Recalling the final words from my previous review on the new Honda Civic: "It looks smashing in the RS avatar and I would love to get my hands on one soon." And now I stand in front of the gorgeous new Honda Civic RS. Pumped up versions of commuter cars are not always a big success, as they lose out a lot on the practicality forte. All of them follow the same code: bigger engine, sized up rims, low profile tires, stiffer suspension, some aero bits, and new colors. Now, let's see what the Civic RS is up to…
Surprisingly, the RS features a 1.5 liter engine in lieu of the 2.0 liter engine on the usual Civic. A downgrade, or is it? The 1.5 liter four-cylinder petrol engine is turbocharged and generates 180 horsepower compared with the 158 horsepower generated by the 2.0 liter naturally aspirated Civic. And yes, the Civic RS is the first turbocharged car from Honda for this region. A move in the right direction I would say.
Visually, there are some key features which help the RS stand out of the pack. The most obvious change would be the blacked out front grille in place of the chromed stuff on the non-RS Civics. The black grille stands out especially on the Brilliant Sporty Blue Metallic shade, which is exclusive on the RS. The special blue shade in itself looks great. The door handles have a black chrome finish which adds to the eye-candy factor. Viewed from the rear, there is a trunk spoiler with integrated stop-lamps which flush fits onto the sculpted trunk of the RS. The red RS badge places itself near the right taillight cluster. Twin exhaust pipes are featured on the RS, but they could have been positioned better. It takes a serious look to get a glimpse of the twin pipes. The wheels on the RS also have been upsized to 17 inches in place of the usual 16. The rest of the car is visually retained the same as the usual Civic.
Stepping into the RS, you are greeted by the spacious and high quality cabin of the Civic, but with leather splashed around generously. Changes on the RS include a seven-inch touchscreen audio and navigation system. A part of the screen displays output - the Honda 'Lanewatch' system, which gets its input from a camera mounted on the passenger side rearview mirror. This option is available on the RS, as well as the top option of the normal Civic. Sports pedals replace the traditional rubber pedals on the RS, which provides a sporty feel to the driver. The red ambient lighting within the car cabin further enhances this feel.
Pushing the start/stop button brings the 1.5 liter engine to life, idling smoothly. The RS is no screamer; it is just a Civic with a sprinkle of sportiness on the top. Shift into D and with a firm foot on the gas pedal, the RS's speed climbs up pretty quickly. Turbo kick-in can be felt and engine feels easy even at high revs. Sports mode spices things up a bit more, and, when used in conjunction with the paddle shifters, makes for an interesting drive. Yes, the RS features paddle shifters, which is an option not available on normal Civic models. The CVT transmission ensures smooth gear shifts and seamless power delivery. 17-inch wheels with slightly low profile rubber ensure that the twists, turns and braking performance are well taken care of. It performs well for a front-wheel drive 180 horsepower car. Honda claims that the RS gives a fuel mileage of 20 km/L compared to the 18.5 km/L from the normally aspirated 2.0 liter Civics.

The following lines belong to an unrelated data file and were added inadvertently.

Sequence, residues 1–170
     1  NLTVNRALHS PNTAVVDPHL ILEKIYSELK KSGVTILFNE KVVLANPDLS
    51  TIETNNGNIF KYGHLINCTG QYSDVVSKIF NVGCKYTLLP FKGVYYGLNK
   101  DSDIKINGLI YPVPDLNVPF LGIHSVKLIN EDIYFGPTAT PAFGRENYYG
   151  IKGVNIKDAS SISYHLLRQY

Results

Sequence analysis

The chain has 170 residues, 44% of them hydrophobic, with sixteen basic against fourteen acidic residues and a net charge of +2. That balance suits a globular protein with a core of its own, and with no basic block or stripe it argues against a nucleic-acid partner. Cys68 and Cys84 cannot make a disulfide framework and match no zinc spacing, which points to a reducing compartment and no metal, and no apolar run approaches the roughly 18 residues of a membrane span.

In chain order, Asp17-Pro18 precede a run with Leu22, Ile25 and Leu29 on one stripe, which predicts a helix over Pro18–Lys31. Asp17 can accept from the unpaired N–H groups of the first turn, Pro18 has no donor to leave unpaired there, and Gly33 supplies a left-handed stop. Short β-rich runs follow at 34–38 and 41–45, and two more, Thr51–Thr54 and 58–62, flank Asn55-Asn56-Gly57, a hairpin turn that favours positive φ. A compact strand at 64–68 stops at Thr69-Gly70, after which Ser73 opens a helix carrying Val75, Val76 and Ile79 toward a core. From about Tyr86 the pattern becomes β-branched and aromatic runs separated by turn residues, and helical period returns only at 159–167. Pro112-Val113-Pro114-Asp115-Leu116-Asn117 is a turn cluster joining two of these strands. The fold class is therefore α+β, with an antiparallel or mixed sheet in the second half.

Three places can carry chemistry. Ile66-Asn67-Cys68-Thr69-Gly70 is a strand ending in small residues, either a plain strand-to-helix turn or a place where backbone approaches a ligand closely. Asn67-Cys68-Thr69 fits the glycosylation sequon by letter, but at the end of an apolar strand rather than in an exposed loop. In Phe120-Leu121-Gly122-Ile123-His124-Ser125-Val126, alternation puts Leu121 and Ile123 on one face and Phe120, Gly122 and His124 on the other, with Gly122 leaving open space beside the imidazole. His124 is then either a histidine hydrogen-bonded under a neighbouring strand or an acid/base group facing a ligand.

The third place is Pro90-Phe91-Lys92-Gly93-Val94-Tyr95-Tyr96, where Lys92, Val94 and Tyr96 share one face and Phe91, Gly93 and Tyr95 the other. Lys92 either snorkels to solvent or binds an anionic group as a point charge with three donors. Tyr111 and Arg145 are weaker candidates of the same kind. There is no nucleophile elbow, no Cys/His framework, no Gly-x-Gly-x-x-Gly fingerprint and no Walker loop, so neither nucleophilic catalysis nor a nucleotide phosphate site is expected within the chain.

Safety features remain the same across the Civic range, which features ABS with EBD, Vehicle Stability Assist with Traction Control System, Tire Pressure Monitoring System, Dual front airbags and side curtain airbags. The RS also gets LED headlights and fog lights instead of the usual halogen units, which provide the best possible road illumination during your night drives.
In all, I would say the RS is a good effort by Honda and would be a great choice for the performance-oriented Honda driver. It has a good mix of power and fuel efficiency along with traditional Honda reliability. The only downside would be the approximately AED 96,000 price tag, which may deter possible RS owners.
Pros: Handling, fuel economy, easily stands out among non-RS Civics
Cons: A little pricey, touch controls of volume and A/C aren't the best feeds (normal knobs please)
Rivals: Hyundai Elantra, Mazda 3, Ford Focus, Toyota Corolla, Chevrolet Cruze, Volkswagen Golf
Engine: 1.5 L inline-4 turbo, 180 hp @ 6,000 rpm, 220 Nm @ 1,700 rpm
Transmission: CVT, FWD
Performance: 0-100 km/h: 8 sec, 6 L/100 km, top speed: 210 km/h
Weight: 1,326 kg
one word: traditional